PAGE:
Even though these findings resulted from a relatively small study, it appears that quitting smoking has its benefits during menopause: ex-smokers experience fewer and milder hot flashes than women who keep on puffing.
Researchers discovered that the risk of suffering from frequent and severe hot flashes decreased with 45 percent in women who gave up smoking for at least five years. However, these women still had higher chances of experiencing symptoms than women who had never smoked.
Senior author of the study Rebecca Smith, researcher in epidemiology at the University of Illinois, explained that even though the effect was most visible in women who kicked smoking at least five years before menopause, women quitting later still had better results than those who kept entertaining the habit.
She also expressed her hope that this information encourages more women to quit smoking – the earlier they do that, the better – even if they already entered menopause. According to the Centers for Disease Control and Prevention, smoking is the number one cause of deaths that could be avoided in the U.S.
And it’s not surprise, as smoking can lead to lung or mouth cancer and increases risk of stroke and heart condition – as a matter of fact, CDC said smoking might contribute to almost all cancers.
Somewhere between the ages of 45 to 55, monthly menstruation stops, making room for the onset of menopause, leading to a series of symptoms, including mood swings, hot flashes and insomnia. As other studies had already successfully linked smoking to more severe hot flashes, Smith and his team wanted to see what would happen if women quit.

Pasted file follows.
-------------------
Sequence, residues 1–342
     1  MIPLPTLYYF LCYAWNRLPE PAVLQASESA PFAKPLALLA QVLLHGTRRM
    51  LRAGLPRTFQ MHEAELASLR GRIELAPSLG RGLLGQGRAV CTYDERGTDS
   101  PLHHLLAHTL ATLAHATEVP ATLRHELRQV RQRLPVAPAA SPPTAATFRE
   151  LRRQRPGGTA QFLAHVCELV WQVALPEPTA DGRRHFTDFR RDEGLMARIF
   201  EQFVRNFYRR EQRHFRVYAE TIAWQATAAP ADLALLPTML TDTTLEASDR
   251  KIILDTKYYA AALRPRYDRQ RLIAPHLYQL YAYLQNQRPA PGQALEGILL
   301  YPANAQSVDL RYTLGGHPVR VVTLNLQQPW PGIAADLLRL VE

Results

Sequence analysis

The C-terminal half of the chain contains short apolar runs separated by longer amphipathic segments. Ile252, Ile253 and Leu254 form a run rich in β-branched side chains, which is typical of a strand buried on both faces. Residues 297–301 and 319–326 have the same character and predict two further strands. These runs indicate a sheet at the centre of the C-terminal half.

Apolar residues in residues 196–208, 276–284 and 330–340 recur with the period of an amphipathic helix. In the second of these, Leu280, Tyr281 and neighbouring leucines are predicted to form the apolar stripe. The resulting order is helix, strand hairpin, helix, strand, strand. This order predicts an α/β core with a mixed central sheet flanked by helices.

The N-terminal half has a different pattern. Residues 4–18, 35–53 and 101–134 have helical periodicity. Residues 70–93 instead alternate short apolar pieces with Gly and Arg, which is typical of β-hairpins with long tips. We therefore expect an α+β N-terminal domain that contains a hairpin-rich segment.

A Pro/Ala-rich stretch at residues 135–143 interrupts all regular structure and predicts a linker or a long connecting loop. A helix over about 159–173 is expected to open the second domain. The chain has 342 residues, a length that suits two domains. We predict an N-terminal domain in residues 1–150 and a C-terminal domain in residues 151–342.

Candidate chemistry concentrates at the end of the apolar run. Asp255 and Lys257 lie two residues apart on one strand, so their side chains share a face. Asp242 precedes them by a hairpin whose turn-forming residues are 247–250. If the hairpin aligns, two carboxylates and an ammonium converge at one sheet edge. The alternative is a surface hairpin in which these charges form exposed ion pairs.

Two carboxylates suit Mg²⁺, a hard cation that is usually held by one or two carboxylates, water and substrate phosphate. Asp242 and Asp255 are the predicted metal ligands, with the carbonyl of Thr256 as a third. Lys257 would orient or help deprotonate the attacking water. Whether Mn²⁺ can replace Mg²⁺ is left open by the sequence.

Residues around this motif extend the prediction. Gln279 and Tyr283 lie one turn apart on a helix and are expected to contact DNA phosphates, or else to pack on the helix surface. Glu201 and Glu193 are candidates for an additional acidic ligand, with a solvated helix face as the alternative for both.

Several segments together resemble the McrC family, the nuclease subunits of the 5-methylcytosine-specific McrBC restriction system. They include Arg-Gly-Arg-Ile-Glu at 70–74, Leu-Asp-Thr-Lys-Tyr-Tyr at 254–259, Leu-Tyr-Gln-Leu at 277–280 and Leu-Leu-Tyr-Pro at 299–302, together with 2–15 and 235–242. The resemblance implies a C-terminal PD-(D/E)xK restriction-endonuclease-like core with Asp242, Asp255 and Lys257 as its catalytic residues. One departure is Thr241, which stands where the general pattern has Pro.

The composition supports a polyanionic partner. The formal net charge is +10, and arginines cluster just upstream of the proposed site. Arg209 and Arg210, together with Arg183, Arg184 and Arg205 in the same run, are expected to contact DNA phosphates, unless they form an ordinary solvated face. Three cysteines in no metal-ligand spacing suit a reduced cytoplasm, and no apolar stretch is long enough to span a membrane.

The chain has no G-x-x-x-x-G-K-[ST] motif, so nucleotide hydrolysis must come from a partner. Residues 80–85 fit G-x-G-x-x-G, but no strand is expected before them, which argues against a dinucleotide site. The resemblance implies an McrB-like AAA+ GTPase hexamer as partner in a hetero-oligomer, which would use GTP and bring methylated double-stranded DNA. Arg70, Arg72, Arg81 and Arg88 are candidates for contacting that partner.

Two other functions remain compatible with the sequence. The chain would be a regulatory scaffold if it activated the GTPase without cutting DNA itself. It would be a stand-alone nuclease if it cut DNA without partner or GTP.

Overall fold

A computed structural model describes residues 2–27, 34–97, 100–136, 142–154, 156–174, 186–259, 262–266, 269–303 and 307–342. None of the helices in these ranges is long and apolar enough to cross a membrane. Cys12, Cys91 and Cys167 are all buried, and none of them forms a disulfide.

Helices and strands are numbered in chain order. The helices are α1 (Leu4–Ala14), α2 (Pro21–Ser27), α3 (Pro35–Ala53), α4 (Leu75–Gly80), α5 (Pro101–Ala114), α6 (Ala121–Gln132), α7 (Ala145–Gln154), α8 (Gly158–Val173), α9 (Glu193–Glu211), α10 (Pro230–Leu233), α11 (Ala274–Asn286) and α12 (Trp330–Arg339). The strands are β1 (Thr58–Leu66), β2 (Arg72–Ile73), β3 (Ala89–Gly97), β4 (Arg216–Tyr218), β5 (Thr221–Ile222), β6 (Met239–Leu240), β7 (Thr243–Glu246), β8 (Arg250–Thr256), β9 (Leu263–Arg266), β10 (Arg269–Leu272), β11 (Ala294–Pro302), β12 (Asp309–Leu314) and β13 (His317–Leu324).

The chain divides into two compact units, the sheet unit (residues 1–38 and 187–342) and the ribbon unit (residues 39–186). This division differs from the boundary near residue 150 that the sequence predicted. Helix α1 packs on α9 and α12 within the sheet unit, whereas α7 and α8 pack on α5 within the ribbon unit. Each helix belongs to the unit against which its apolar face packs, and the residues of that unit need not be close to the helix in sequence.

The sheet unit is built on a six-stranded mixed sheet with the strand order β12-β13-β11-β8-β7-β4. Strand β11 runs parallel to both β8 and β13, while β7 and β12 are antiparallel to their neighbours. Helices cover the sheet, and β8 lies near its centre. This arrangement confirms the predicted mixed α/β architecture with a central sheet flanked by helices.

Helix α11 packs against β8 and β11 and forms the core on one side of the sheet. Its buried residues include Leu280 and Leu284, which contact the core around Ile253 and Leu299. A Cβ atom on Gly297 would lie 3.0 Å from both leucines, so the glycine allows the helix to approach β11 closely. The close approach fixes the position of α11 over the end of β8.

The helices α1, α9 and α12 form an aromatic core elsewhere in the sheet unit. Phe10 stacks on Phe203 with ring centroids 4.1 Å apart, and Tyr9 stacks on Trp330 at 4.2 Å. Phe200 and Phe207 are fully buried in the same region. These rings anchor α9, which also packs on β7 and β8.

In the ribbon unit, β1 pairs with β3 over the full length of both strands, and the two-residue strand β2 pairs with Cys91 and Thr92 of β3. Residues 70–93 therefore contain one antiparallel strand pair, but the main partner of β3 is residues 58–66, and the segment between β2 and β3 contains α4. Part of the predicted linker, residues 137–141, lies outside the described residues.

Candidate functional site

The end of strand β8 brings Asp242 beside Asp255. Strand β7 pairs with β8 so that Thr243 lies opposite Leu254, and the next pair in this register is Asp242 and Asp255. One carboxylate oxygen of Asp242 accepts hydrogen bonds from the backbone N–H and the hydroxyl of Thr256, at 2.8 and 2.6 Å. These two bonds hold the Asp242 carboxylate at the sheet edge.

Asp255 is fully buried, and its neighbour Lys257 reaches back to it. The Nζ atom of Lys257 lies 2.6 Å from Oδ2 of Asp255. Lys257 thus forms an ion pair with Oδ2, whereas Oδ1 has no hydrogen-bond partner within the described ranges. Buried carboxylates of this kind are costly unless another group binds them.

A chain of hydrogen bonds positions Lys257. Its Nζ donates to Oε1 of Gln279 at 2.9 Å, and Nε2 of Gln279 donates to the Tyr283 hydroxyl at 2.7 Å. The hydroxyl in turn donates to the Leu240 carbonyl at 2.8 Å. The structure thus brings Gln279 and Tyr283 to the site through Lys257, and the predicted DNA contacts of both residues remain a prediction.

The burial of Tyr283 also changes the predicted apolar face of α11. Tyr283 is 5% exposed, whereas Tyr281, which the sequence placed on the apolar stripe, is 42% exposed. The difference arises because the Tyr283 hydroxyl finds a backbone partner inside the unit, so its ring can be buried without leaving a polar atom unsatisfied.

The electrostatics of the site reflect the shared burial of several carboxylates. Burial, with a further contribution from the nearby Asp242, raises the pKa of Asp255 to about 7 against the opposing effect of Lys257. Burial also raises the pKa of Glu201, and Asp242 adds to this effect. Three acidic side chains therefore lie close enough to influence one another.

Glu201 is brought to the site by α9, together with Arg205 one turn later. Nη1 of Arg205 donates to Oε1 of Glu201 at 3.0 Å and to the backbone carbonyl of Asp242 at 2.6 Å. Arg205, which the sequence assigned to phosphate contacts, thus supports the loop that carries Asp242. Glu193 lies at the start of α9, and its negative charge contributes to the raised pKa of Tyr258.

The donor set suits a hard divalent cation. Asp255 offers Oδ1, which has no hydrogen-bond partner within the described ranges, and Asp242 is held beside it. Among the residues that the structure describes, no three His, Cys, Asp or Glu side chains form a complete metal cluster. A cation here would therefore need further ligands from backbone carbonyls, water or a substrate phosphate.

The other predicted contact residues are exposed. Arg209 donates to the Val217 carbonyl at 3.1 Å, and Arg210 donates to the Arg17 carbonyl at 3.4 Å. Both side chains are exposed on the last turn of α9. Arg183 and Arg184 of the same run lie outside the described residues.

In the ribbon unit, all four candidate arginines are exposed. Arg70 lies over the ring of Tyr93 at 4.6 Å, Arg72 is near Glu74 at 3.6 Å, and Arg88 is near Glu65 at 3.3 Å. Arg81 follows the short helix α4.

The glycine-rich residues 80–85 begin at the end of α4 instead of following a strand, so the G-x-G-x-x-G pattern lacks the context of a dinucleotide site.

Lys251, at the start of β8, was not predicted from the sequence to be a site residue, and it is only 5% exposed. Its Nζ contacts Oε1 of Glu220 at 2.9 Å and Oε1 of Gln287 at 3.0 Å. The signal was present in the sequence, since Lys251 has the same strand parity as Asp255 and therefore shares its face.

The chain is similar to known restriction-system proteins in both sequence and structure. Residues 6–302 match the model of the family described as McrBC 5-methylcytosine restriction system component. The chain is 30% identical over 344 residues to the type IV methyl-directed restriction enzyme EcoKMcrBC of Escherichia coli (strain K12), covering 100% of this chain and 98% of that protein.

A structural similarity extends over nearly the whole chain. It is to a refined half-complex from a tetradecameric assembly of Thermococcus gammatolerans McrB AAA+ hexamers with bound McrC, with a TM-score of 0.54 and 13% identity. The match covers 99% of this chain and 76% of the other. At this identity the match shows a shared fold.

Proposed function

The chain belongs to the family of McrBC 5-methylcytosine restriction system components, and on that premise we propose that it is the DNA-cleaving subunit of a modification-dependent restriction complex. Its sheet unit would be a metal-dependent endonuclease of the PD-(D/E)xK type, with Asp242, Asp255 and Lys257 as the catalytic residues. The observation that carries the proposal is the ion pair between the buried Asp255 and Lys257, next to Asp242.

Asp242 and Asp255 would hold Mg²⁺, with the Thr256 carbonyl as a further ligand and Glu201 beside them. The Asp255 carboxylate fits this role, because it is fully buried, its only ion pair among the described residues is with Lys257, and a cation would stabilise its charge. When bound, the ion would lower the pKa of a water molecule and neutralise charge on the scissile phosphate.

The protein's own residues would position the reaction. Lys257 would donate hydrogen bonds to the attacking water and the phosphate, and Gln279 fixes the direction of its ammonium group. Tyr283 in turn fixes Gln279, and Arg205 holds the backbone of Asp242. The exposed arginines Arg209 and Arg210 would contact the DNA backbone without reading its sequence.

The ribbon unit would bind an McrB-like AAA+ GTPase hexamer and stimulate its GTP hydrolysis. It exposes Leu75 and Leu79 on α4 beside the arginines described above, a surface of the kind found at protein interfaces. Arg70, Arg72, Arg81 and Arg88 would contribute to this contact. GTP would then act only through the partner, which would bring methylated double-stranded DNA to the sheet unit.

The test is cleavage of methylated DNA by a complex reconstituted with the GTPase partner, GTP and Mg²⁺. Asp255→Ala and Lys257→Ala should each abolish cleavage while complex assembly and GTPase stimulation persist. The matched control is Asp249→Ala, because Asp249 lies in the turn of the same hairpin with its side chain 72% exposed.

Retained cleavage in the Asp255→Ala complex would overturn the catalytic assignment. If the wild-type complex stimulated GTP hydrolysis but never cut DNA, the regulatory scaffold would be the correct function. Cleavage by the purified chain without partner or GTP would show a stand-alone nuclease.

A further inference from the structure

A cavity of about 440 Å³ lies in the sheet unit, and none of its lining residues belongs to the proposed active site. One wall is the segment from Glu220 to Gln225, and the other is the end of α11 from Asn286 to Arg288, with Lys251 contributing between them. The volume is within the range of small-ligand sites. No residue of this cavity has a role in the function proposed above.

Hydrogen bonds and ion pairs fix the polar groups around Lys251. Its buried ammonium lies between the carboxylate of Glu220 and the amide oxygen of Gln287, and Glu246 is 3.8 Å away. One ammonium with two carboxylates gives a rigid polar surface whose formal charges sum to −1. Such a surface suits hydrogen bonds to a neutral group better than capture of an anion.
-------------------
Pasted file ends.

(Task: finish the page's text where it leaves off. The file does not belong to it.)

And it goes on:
The study published in the journal Maturitas followed more than 700 women with an average age of 50, with follow-ups lasting for up to seven years. When the study started, 346 of the women reported frequent hot flashes. Current smoker presented the most severe hot flashes and were four times more likely to have them than ex-smokers and never-smokers.
Also, current smokers seemed to experience moderate to severe hot flashes, with symptoms more likely to occur daily or weekly. The rates and severity of the phenomenon decreased drastically among ex-smokers and never-smokers, whose symptoms occurred less frequently.
Even though this study is not clear evidence that smoking can either cause or worsen hot flashes, the discoveries are consistent with previous studies. Experts believe that smoking can somehow interfere with hormones and neurotransmitters, which are associated with the occurrence of hot flashes.
Quitting five years ahead of menopause can lead to a 19 percent reduction in the frequency of this unpleasant phenomenon, but Ellen Freeman, a researcher in OB/GYN at the University of Pennsylvania in Philadelphia, encouraged all women to quit, no matter when.
Besides the benefits presented in this study, she explained that quitting can also decrease the risk of developing cardiovascular disease and cancers.
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